“I think that the UGent is lucky to have quite few actors who believe that the university should be a forerunner and who do transgender-related research themselves. Pieter Cannoot or Gerd Verschelden from the Faculty of Law and Criminology, for example – and I myself am of course also active on the topic. The UGent has been active for years in the field of gender studies as well, which definitely offers a gateway to this topic.
“There isn’t a single university that is not working on it, but I think that it’s not always a priority.”
We also have several prominent trans* people here, also among the teaching staff. Our rector and vice rector give their full support. After all, without support from the top you won’t make it. We were only able to develop the priorities we had set out, such as communication or imagery, into an actual Transgender Action Plan because there was a larger Diversity Action Plan in which everything fitted nicely.”
Is there any consultation between the universities about these issues?
“Yes, there is absolutely discussion, for example in the Learning Network Transgender Policy or in the Diversity Working Group and Social Policy of the Flemish Interuniversity Council (VLIR). Admittedly, other topics such as language, cultural differences and the transition from secondary education are more often centred there. There isn’t a single university that is not working on it, but I think that it’s not always a priority.”
Because of the judgment of the Constitutional Court, there has to come at least a third official category for sex registration into existence. Could this decision speed up the process of policy development at other universities as well?
“In the past, we have seen a slightly strange evolution there. There was a lot of willingness before the legal reforms of 2017, when there were still strict medical criteria in place for changing sex registration. The waiting lists for medical care were very long as well. Students had often almost graduated by the time they were able to change their registration. At the time, universities and colleges more often offered more flexibility to put a social name on the student card or to adjust some facilities in the meantime.
“As long as your gender pops up everywhere, and all societal structures remain binary, an ‘X’ leads to stigma.”
By doing away with all these criteria, the administrative process is quicker. Because of that, people sometimes reason that an official change is now easy enough that students just have to go through the whole process legally first, and universities will adjust everything after. But of course, there are still students who don’t meet the standards of that binary system of ‘M’ or ‘F’ or don’t recognise themselves in it. For a lot trans* youth those legal steps are not easy to take. A less strict legislation sometimes leads to a stricter application.”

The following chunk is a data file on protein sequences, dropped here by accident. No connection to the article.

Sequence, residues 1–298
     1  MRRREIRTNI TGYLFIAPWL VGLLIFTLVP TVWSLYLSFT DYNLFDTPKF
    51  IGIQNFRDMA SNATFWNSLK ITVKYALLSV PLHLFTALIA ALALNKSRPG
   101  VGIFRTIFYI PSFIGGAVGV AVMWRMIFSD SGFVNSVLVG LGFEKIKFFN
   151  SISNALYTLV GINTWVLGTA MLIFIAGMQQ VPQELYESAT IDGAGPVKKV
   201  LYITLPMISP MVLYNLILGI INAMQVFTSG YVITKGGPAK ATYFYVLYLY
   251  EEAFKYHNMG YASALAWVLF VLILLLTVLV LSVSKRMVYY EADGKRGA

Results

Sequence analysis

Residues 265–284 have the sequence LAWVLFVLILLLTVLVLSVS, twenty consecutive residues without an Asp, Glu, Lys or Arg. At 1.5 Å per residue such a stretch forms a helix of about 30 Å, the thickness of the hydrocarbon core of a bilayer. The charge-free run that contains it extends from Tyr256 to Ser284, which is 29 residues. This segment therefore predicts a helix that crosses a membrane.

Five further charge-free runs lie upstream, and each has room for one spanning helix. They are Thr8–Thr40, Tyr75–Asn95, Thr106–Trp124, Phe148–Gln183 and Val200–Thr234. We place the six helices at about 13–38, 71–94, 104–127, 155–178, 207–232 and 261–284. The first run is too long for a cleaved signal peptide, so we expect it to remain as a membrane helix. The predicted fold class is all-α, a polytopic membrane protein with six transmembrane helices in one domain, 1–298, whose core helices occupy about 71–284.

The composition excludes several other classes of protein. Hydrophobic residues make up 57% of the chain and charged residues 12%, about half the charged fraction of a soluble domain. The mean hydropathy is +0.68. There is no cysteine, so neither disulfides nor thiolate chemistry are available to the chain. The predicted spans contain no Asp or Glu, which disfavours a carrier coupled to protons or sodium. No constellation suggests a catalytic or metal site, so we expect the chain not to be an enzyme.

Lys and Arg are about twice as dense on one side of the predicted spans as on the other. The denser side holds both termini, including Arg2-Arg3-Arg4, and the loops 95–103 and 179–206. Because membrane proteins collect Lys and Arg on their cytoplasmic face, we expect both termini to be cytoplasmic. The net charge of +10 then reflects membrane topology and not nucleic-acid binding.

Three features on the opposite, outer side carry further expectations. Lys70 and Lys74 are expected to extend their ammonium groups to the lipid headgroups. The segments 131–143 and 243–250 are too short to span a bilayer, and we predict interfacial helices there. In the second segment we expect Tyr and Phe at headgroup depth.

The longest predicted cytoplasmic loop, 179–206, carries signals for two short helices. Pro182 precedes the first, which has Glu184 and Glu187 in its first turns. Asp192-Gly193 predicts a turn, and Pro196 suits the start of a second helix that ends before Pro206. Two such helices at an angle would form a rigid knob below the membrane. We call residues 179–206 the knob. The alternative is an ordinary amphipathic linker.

This third sex category has consequences for society in general. Are you a proponent of the third category ‘X’ that is being proposed as a solution?
“There definitely needs to be a reform: the system of only the ‘M’ and the ‘F’ falls short for non-binary people. But whether the ‘X’ offers the solution, remains the question. Malta, for example, has added an ‘X’ option in 2017, but there has not been a single application since. That also says a lot about the fact that even non-binary people don’t want to use this ‘X’. They also notice that something like that leads to stigma and possibly discrimination in society. Think of renting an apartment, finding a job, etc. So, as long as your gender pops up everywhere, and all societal structures remain binary, an ‘X’ leads to stigma.
In Germany we can see the influence of this stigma as well, but in a different way. There, the ‘X’ is interpreted in terms of sex, instead of in terms of gender identity like in Malta. In Germany every child who exhibits a clear intersex condition at birth, must be registered with an ‘X’. Parents don’t have a choice in this. This leads to parents wanting to adjust the situation as soon as possible, and wanting to ‘fix’ the situation with a surgery, without consent of the child.
“The crucial question is now: why is sex still being perceived as an element that constitutes the state of the person?”
So, in fact the addition of this ‘X’ has had a bit of a perverse effect. The intention was to break open the system, but the people in question are being pushed into the binary system even more right now. No parent wants their child to have to go through life with an ‘X’. It is insufficient to quickly add an ‘X’, if you leave the rest of the societal structures in their binary state. Then you’re only offering lip service to the transgender community, and nothing more.”
Is removing such a marker from the ID a better solution?
“That could indeed be one of the options. But it doesn’t mean that sex will no longer be registered – as soon as you scan your ID somewhere, this information pops up again. I think that it isn’t an ultimate solution, but possibly a good intermediate step. In my opinion, it would be best to stop registering sex altogether.
There is a type of framework at the government, in which information is needed to identify you. They call it ‘the state of the person’: your date of birth, your first name, your last name, your national register number… What is not included, for example, are your religious beliefs or your skin colour, while that used to be the case. This means that there have been developments in the past on which information is crucial for registration. Sometimes elements are added – think about the fingerprint debate – and sometimes elements are removed.
The crucial question is now: why is sex still being perceived as an element that constitutes the state of the person? Why is this so important? Where does this still play a role legally, and should it? What are these data being used for, and can that be resolved in another way? All these issues need to be mapped before we can make important decisions.”